Democrats' Phony Cries of Racism Won't Work in 2020

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Democrats' Phony Cries of Racism Won't Work in 2020
Charles Sykes/Invision/AP
Democrats' Phony Cries of Racism Won't Work in 2020
Charles Sykes/Invision/AP
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Propagandists throughout history have long known that repetition acts as the propellant of falsehoods.  Thus, the Democrat media narrative machine incessantly infects our political dialogue with the unsubstantiated smear that President Trump and his supporters are racists.

Last week, actor Jeff Daniels, of “Dumb and Dumber” fame, appeared on MSNBC and delivered an all-too-typical elitist rant against the concerns of working-class Americans whom, they portend, are largely motivated by racial animus.  He assailed the Republican agenda as inherently bigoted:

 “At the end of the day, aside from, ‘Yeah, I don’t want to pay taxes,’ it’s race. It’s race. This is about the Republican Party or a wing of it going, ‘This is our last chance to save the party and if we don’t, it’s the end of the Republican Party.’ The only way they can do that was to tap the race button and say, ‘Go ahead, it’s okay.'”

Anchor Nicolle Wallace proclaimed Daniels’s current Broadway role as Atticus Finch in “To Kill a Mockingbird” as relevant to the present moment.  While the lessons of that esteemed Harper Lee story will always be illustrative, Wallace’s contention was clear: 2019 America resembles the 1930s in the fictional Maycomb, Alabama.

Really?   

In point of fact, while racism of course still exists and poisons the hearts of some, the kind of institutional, systemic oppression that marked the South of 100 years ago has been largely eradicated by decades of legal protections for previously abused groups.  If anything, as I can attest as a minority myself, the laws and policies of today provide actual advantages to citizens of color in critical areas like higher education and government contracting.  But aside from laws, our cultural progress on these issues stands out even more impressively.  Interracial relationships are now totally unremarkable. This country, which once viewed black men as property, elected one to the presidency -- twice in fact.  His wife, former first lady Michelle Obama, was named in a Gallup poll as America’s most admired woman for 2018, with another black woman, Oprah Winfrey, taking second place.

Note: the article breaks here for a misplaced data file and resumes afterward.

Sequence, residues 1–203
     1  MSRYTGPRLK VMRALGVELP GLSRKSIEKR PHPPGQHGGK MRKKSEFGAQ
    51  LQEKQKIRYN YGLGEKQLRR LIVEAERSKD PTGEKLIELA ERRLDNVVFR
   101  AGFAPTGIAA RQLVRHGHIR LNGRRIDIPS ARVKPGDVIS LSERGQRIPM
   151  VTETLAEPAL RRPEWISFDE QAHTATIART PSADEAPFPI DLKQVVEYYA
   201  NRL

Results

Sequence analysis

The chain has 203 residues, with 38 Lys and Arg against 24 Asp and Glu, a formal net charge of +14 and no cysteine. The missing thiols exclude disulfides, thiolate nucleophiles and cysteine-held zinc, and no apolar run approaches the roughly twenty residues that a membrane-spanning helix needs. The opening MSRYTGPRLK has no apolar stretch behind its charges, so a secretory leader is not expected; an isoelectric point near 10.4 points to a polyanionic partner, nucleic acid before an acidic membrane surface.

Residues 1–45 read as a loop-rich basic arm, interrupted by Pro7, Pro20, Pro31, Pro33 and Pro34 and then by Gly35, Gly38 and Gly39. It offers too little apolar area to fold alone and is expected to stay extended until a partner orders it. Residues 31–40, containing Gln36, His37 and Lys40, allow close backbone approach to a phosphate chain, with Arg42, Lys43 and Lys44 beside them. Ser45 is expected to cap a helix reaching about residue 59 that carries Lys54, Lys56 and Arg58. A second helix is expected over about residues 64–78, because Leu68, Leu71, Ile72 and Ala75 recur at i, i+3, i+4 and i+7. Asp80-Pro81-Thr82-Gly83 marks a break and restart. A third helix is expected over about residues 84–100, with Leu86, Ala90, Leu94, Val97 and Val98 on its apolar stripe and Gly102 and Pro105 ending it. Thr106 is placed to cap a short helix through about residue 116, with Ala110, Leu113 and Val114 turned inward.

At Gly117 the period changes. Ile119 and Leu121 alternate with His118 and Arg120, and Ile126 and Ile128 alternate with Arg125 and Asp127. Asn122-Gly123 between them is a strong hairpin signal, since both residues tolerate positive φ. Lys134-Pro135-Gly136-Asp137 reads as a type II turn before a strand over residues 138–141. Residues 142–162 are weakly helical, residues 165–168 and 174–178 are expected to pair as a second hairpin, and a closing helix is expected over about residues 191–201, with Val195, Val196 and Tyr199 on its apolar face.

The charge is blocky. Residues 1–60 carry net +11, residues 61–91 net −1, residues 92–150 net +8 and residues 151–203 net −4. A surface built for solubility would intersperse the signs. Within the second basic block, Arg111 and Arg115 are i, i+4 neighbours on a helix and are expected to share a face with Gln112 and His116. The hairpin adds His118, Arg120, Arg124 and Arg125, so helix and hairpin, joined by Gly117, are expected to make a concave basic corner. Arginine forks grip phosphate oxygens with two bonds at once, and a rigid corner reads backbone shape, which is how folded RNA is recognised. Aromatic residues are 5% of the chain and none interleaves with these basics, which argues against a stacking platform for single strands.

Again, none of these advancements prove that racism does not exist in our imperfect world.  But the reality of present-day America totally contradicts the propaganda scare tactics of race hustlers in the media and politics.  Those activists want us to fear racists around every corner and Klansmen under every bed.  In actuality, a roundup all of the neo-Nazis and KKK members in America would scarcely fill a high school gymnasium.  For example, linking to a news story about a white supremacist rally over the Memorial Day weekend in Dayton, Ohio, actress Alyssa Milano tweeted out, “I don’t recognize my country anymore.”  The collection of degenerate racists that so worried Ms. Milano: a grand total of nine hateful malcontents seeking attention.